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The bench

Monuments to fear.

Mount Pleasant Cemetery Toronto, ON is one of the largest in North America and home to the city's famous and influential. You stare at their names etched into the granite and you think of a life that has ended and how one day you will end up here too and then it hits, the existential angst welling up as the you realize meaning of life suddenly ends under a giant slab of rock.

One day you're sitting on the bench, the next day you're under it.


It took me a while to understand that the overwhelming fear of death is somewhat unique to us folks living in western cultures. It has become front and center in the past year and the driving force of every thought and action we take navigating a pandemic world. I often wonder if this bug had shown up 60 years earlier, would we have had better tools to deal with what has become a giant social experiment in fear.


To me, the '60s had a much different vibe than today. Perhaps that feeling is skewed by the wonder of childhood. Still, I recall a stronger sense of self-reliance and community. Today that seems to be missing, and we've fallen into material worship and lost our sense of spirit.


The role of organized religion in daily life has declined steadily and maybe inevitable despite the public relation challenges of the church but we made a huge mistake letting faith in something bigger decline along with it. Materialism rushed in to fill the void, and we literally sold our souls to the gods of Flash Sales, Black Friday. We've gone from feeling a part of the universe to a constant state of fear and lack eagerly promoted by the 24/7 news cycle.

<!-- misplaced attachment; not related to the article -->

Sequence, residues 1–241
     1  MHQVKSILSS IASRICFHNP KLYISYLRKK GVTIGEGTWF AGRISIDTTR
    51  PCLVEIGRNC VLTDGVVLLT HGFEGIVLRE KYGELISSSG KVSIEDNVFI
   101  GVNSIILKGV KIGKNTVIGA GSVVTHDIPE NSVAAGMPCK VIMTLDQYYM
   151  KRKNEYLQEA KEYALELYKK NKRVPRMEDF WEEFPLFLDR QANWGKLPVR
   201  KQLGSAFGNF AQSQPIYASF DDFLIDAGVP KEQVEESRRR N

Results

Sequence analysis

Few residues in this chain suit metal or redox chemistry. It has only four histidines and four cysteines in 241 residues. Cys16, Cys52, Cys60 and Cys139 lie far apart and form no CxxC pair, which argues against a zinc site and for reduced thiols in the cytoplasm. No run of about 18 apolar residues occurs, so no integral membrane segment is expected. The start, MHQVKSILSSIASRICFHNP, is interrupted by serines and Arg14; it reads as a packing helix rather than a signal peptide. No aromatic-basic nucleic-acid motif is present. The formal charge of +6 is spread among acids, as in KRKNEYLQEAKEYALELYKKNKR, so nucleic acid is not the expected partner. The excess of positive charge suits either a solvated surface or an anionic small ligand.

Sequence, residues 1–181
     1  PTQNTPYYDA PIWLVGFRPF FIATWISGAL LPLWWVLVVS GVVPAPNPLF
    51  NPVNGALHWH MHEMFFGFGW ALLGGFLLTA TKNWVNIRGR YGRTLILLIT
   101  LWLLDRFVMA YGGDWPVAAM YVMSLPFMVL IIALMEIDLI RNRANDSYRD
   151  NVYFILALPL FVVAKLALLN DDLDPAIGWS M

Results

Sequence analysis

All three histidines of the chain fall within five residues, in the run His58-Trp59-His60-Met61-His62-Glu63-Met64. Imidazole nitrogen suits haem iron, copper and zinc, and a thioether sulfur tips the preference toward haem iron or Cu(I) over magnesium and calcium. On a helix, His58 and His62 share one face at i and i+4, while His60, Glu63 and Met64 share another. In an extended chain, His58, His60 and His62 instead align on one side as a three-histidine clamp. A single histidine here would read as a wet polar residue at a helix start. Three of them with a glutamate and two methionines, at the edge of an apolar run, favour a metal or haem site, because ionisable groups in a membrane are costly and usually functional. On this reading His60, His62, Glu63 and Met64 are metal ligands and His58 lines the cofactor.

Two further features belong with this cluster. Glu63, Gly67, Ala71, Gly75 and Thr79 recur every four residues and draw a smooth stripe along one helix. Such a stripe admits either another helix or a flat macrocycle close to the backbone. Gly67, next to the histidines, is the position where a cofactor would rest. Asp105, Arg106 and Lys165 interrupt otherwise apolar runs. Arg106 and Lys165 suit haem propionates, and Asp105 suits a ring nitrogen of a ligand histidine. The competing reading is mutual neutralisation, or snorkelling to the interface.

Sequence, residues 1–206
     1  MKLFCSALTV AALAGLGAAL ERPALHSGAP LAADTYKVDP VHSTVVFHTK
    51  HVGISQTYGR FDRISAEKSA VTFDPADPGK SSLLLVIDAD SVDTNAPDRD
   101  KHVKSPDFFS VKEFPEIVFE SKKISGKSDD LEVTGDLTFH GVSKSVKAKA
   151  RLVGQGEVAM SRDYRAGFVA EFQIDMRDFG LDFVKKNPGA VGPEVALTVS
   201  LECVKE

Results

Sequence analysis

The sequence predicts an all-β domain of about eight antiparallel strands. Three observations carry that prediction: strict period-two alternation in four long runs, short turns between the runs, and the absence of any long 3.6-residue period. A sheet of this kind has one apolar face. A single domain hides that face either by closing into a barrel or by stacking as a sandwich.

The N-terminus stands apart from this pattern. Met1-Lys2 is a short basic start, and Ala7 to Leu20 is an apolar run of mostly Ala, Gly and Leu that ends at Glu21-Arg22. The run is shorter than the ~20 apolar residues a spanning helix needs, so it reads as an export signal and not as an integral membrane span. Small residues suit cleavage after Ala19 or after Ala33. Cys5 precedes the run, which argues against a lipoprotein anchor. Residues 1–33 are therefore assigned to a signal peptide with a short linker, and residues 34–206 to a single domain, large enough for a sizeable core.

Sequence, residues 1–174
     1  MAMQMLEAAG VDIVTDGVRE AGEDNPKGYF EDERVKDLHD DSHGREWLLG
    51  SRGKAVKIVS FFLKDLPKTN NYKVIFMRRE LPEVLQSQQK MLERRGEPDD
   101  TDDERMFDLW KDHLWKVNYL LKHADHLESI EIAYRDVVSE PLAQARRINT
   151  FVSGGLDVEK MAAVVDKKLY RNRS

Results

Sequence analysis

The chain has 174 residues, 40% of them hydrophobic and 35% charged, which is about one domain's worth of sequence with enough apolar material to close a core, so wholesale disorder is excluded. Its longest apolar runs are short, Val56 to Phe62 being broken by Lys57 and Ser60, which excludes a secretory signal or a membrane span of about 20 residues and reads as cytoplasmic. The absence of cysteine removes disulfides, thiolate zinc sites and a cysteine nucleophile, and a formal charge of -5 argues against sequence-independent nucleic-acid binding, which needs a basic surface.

Never enough

Is it any wonder why we fear dying? We've lost all sense of purpose here in the material realm and have relinquished our beliefs of eternal life to one that ends in misery if we don't own a Buick. I'm always amazed at the ease of the human mind to connect dots no matter how ridiculous the story. If only I had....... then I'll be...

What if we could drop all the conditions. What if we believed that we are everything and everything is us?


It doesn't matter where you get this idea, in a church, travelling through India or sitting on a cushion at home. What matters is you realize you're part of something bigger, and you matter, a piece to a much larger puzzle. When that concept grabs your attention, you suddenly realize that death is just another phase, and we don't look at it as a loss but more of a 'moving on' to the next adventure.

We do this without the Buick, without the $20,000 coffin, without granite monuments. In the end, we are just energy returning to the source. I think British philosopher Alan Watts, reframed our fear of dying the best with this powerful thought:

"Try to imagine what it will be like to go to sleep and never wake up... now try to imagine what it was like to wake up having never gone to sleep." ~Alan Watts

We can't die unless we live, and we can't live unless we die.

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